If you had something really important to tell me, would you call me?
You probably would, right?
What if I didn’t answer the phone?
Would you call me again?
You probably would… right?
When we have something important to tell people in our day-to-day lives, we rarely stop until our message is heard.
- If someone’s house is burning down, you call them and you call them and you call them until they pick up the damn phone.
- If someone left their wallet in your car, you call them at least two or three times and then send a few texts to tell them you found it.
- If someone is about to miss that performance you’ve all been waiting for on America’s Got Talent, you call them before it starts and I bet you at least leave an over-excited voicemail if they don’t pick up.
And for the multitude of situations in between, we have a multitude of different communication tools to let people know over and over again what it is that they are missing, and why it’s important.
But here’s what gets me: if we’re so used to doing this in our day-to-day lives, why do we find it so hard to apply the same principles in our business lives?
If you are responsible for marketing yourself or your company, get out there and tell people your important message.
Don’t stop when you’ve posted it once, tweeted it once, podcasted it once. Tell people that same important message over and over again until they get it.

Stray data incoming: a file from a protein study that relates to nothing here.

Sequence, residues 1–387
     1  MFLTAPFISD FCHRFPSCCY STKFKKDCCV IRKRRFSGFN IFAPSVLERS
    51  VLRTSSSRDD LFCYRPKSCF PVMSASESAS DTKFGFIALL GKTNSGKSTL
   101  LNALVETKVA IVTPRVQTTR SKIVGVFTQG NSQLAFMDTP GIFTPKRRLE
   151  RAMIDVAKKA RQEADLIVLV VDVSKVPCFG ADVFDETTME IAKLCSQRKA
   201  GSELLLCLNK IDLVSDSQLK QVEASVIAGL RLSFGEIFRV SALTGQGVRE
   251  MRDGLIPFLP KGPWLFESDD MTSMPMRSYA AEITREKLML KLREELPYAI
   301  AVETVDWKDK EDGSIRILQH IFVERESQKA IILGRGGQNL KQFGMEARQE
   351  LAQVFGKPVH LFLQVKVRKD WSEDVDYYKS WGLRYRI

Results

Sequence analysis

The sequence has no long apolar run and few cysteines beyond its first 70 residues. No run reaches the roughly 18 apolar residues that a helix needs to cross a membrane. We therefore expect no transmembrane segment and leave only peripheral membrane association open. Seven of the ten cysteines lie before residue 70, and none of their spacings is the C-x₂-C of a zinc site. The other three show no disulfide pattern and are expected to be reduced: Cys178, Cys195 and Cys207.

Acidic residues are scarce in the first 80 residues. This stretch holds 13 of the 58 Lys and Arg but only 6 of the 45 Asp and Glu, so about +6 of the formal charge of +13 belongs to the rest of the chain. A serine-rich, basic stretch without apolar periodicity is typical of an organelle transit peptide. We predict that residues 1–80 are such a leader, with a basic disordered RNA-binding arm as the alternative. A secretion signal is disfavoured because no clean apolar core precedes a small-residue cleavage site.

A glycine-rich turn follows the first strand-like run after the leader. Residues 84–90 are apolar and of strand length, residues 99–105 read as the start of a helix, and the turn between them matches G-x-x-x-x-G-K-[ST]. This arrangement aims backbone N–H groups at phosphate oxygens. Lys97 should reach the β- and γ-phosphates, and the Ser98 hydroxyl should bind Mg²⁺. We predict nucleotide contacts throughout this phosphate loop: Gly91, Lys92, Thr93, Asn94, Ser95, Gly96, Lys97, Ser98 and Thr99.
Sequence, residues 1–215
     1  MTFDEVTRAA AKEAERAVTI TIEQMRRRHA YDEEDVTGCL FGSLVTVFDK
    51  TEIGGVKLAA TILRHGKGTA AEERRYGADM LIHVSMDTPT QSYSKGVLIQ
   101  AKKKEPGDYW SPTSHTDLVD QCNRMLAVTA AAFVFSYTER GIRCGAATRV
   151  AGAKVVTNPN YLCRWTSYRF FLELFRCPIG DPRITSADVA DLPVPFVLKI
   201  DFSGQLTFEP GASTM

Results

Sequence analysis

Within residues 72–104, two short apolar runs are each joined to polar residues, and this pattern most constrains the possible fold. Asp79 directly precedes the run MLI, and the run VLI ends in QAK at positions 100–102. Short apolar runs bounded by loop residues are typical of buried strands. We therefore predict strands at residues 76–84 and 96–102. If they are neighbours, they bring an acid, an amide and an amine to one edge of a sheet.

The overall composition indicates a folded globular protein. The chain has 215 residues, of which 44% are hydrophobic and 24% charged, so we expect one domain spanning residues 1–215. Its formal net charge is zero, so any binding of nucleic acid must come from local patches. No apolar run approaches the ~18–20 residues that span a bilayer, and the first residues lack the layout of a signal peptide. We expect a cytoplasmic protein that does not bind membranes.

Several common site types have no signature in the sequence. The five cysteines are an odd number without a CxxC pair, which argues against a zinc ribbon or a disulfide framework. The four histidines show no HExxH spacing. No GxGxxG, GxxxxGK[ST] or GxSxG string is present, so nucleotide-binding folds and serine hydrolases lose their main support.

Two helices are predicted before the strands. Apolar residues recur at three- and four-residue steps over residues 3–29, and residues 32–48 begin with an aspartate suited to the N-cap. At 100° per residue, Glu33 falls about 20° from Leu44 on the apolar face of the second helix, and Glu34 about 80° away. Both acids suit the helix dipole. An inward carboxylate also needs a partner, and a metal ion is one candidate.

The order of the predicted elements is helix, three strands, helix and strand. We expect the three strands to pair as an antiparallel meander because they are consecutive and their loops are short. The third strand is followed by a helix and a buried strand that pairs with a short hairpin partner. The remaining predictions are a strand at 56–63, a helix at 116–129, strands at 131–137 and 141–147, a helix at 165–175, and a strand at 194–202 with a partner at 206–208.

Break a blog post into a series of ten tweets. Tweet that pretty-little-tweet in five different ways and see which works best. Transcribe your podcast into a blog post and put it up on your website for people who prefer to read.
The possibilities are endless.
You may think that you are being repetitive and annoying and that people will see your message time and time again and get bored.
I hate to break it to you, but you are mistaken.
Over 500 million tweets are sent every day. Over 97,000 blog posts are published on WordPress every hour. And people scroll through tens of websites and social media platforms before they’ve even opened both eyes in the morning. You must compete.
If you’re lucky enough for someone to read your message, I’d wager there were at least a thousand other people before them that ‘kind of skimmed’ your content and didn’t really see/listen/read/understand what it was that you were saying.
But don’t be disgruntled.
This is the reality of our age.
Our job is to find the best ways to communicate our important messages, and repeat them over and over and over again until people get it.